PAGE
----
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December 6, 2013 at 10:57 PM
We’ve gotten quite a few responses to our post this morning about which city is better, Seattle or San Francisco. We trumpeted our beautiful summers and our liberal social policies. The San Francisco Chronicle retorted, calling Microsoft a “lumbering” enterprise and poked fun at Amazon.com’s drone idea.
Our readers are having their say as well, with 49 (coincidence) in support of S.F. and 34 in favor of Seattle. That’d better not be the final score of the game. Keep the responses coming. Here’s the best of what has been submitted so far (note, load times may vary):
December 6, 2013 at 6:03 AM
Seattle has for too long been labeled a “smaller San Francisco.” We see the similarities. Like San Francisco, Seattle is made up of neighborhoods on hills. Both cities are shrouded in grey. The politics of both are proudly left.
But Seattle is not a lesser San Francisco. It’s a better San Francisco.
A San Francisco editorial writer seems to think differently in a post that went up this morning. As if. We’ll still continue to proclaim our superiority this week as the Seahawks prepare to take on the 49ers. Seattle trounced San Francisco earlier this season at CenturyLink Field, when the fans broke the sound record. Two S.F. fans called for the NFL to punish a team for fan noise in a letter to the San Francisco Chronicle. I called the letter-writers wussy babies in an earlier blog post. We’re not only louder, Seattle is better in a number of other ways:
San Francisco, we have news for you. You’re no longer the leftiest city on the left coast. In 2012, our state voters legalized same-sex marriage with Referendum 74. (California voters rejected same-sex marriage with Proposition 8.) Washington state also legalized recreational marijuana with Initiative 502. Eat your liberal heart out. (more…)
November 11, 2013 at 5:00 AM
October 30, 2013 at 4:37 PM
Is it OK to turn off the porch light, hide in the basement and not open the door on Halloween to give out treats? Our Wednesday editorial, “Don’t be a deadbeat on Halloween,” said no and we asked readers to weigh in with their thoughts. Here are some edited excerpts from reader responses
I love Halloween. Our neighborhood is fairly popular for trick-or-treaters and on average we go through about 25 bags of candy. It is really fun to not only give out candy but to watch kids have such a great time. I have blown out the candle in the pumpkin and turned off the porch light but that is later and only because we had a particularly good year and ran out of candy before we had hoped. Those who turn off the lights and pretend not to be home are the ones missing out.”
— Clarence Geyen, Mill Creek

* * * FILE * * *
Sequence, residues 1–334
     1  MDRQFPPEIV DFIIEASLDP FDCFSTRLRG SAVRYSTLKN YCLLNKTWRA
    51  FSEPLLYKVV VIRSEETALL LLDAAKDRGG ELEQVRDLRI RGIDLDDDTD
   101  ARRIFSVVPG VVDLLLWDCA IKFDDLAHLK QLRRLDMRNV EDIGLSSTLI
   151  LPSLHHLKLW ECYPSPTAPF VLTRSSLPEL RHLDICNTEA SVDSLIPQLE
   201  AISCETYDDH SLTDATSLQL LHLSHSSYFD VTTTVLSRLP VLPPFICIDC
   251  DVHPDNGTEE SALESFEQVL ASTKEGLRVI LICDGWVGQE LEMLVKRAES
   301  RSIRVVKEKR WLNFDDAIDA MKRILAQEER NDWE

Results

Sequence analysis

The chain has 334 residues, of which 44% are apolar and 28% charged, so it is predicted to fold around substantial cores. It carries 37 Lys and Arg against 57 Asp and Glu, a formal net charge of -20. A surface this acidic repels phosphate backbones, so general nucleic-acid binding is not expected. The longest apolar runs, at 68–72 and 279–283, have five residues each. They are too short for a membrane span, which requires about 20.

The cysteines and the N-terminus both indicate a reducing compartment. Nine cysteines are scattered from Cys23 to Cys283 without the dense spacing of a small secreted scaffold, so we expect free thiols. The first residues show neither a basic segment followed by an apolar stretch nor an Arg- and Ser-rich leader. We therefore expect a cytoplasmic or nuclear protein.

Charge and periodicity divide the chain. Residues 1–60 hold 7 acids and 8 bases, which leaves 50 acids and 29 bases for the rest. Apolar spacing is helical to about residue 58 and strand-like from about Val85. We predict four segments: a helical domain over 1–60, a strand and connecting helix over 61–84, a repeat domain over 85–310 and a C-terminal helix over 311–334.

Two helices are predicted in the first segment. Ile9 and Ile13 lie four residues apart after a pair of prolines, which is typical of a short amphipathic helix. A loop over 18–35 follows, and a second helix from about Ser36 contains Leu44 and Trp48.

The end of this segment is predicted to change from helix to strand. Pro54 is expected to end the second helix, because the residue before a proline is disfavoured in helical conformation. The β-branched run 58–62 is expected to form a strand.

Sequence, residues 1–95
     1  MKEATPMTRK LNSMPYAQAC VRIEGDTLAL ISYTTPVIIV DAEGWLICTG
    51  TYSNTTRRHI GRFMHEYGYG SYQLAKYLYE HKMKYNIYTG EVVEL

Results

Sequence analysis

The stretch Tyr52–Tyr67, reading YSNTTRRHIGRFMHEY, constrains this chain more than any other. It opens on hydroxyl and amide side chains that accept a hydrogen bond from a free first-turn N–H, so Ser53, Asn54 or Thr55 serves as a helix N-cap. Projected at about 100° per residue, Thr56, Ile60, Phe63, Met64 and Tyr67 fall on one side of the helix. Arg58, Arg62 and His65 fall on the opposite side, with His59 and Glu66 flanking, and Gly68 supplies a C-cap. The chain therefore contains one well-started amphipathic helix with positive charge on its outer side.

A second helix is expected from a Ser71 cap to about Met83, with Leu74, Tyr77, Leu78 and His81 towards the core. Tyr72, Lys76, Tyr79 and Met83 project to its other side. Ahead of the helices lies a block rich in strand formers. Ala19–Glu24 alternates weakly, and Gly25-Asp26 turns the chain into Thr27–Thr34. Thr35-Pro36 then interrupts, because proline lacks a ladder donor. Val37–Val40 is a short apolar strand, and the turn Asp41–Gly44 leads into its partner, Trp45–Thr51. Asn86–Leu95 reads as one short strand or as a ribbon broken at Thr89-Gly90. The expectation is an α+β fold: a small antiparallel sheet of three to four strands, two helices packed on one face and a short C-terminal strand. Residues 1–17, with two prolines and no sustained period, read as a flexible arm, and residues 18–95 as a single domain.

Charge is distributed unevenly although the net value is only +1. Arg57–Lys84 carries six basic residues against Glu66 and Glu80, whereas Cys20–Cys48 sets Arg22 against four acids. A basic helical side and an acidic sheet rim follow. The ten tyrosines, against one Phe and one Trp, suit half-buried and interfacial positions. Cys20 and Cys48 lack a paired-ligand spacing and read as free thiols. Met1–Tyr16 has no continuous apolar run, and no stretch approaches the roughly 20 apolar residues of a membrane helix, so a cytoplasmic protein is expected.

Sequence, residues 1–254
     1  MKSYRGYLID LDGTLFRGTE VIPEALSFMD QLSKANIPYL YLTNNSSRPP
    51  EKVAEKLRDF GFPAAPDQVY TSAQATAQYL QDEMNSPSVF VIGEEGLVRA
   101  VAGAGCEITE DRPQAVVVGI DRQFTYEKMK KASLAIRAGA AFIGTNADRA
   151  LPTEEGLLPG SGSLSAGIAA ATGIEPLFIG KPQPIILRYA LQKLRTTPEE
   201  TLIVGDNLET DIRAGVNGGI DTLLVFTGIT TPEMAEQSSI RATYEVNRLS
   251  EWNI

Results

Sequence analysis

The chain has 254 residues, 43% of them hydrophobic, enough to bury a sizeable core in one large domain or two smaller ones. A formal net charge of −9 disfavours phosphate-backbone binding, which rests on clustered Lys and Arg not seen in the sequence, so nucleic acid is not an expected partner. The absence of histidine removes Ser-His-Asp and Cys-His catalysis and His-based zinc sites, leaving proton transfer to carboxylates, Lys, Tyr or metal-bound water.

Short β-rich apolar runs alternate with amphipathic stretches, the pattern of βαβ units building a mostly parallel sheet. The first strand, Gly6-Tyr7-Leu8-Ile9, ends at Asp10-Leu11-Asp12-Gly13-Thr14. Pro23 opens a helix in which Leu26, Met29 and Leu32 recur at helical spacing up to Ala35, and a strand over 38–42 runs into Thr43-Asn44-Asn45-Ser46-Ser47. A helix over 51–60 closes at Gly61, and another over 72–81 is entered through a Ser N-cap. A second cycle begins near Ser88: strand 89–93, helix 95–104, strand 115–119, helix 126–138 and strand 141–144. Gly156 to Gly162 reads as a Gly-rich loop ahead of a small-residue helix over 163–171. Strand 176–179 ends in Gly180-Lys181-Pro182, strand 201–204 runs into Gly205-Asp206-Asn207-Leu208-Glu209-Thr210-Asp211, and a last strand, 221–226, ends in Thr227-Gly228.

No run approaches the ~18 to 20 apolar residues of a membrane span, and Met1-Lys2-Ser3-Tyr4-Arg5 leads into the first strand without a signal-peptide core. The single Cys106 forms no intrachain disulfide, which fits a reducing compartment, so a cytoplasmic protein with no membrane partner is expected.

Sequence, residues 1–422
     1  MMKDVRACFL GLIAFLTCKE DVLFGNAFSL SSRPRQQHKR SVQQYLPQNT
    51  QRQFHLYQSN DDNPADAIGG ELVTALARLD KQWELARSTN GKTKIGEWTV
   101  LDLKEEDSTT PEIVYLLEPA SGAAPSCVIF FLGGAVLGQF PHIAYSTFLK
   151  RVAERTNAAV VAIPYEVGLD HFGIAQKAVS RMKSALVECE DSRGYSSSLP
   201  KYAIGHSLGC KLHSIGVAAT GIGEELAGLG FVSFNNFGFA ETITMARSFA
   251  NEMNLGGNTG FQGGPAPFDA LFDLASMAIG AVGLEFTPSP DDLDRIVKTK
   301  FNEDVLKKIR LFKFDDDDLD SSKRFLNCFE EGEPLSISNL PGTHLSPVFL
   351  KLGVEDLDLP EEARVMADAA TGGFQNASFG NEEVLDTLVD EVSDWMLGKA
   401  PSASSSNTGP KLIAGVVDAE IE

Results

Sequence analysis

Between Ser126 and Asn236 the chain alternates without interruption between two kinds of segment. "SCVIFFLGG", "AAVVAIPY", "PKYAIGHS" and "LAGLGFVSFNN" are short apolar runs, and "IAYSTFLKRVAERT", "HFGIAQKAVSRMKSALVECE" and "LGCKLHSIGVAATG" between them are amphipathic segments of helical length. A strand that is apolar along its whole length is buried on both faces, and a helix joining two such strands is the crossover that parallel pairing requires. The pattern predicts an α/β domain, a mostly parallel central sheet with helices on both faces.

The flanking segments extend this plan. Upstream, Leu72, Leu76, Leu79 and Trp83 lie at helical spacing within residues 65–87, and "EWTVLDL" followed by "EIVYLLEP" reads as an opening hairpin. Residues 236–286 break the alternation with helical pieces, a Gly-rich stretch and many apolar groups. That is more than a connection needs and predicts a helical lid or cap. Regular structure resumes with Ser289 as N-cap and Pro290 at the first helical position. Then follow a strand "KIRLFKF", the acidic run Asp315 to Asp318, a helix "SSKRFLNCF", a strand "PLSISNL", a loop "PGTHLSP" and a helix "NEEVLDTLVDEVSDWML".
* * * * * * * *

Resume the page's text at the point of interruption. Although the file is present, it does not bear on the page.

I’m one of them. Last time I checked, this was still a free country and we can treat … or not, as we choose.”
— Lorna Lou, Mountlake Terrace
I think that’s their prerogative and I don’t think any more or less of them. Halloween is not a mandatory participation activity.”
— Skye Koontz, Seattle
My dogs bark and have to be controlled. I only get teenagers who aren’t in costume and say, ‘I’m dressed as a high school student for Halloween.’ Most parents take their kids to organized events these days, so what’s the point? My light will be off.”
— Hilari Anderson, Seattle
Orthodox Jews, who live in several Seattle neighborhoods, such as Seward Park and Ravenna-Bryant, would not give out Halloween treats because Halloween is a holiday that espouses beliefs and traditions rooted in pagan Samhain and the Christian All Saints Day that are inappropriate for Jews to participate in.”
— Lynn Gottlieb, Seattle
And the growing sense of entitlement continues to spread. I have absolutely no problem with people leaving the light off, going out for the night or just ignoring the doorbell. It’s not something I would do — my wife and I look forward to seeing the costumes each year — but everyone certainly has a right to not spend their money on candy for strangers and to not get up and answer the door every 2 minutes all evening. And if the kids and their parents can’t handle it, too bad. May their bags be filled with Tootsie Rolls.”
— Doug Walsh, Snoqualmie
October 16, 2013 at 5:11 PM
October 10, 2013 at 10:42 AM
Voters have a chance with the Nov. 5 ballot, containing many races for local government, to send a message that things are going well or need some adjustment.
Since the summer, Seattle Times editorial board members have been interviewing candidates and campaigns for statewide and local initiatives. We have started to publish our recommendations to voters and will continue in the coming days. Ballots are expected to be mailed around Oct. 17.
If you have questions about King County Elections, call 206-296-VOTE or go to kingcounty.gov/elections.
If you have questions about Snohomish County Elections, call 425-388-3444 or go to the Snohomish County Election division website.
For questions about Washington state elections, go to the Secretary of State election website.
Here are our recommendations for selected races in King and Snohomish counties and for ballot measures.
- City of Seattle endorsements
- King County endorsements
- City of Bellevue endorsements
- Snohomish County endorsements
- State ballot measures and advisory vote endorsements
- State races
City of Seattle:
The two candidates for Seattle mayor are both die-hard progressives. They identify many of the same challenges ahead as the city reaches back to economic vitality. They even share some policy platforms. But the choice becomes clear on their widely different approaches to governing. State Sen. Ed Murray offers a return of pragmatic, effective leadership to City Hall.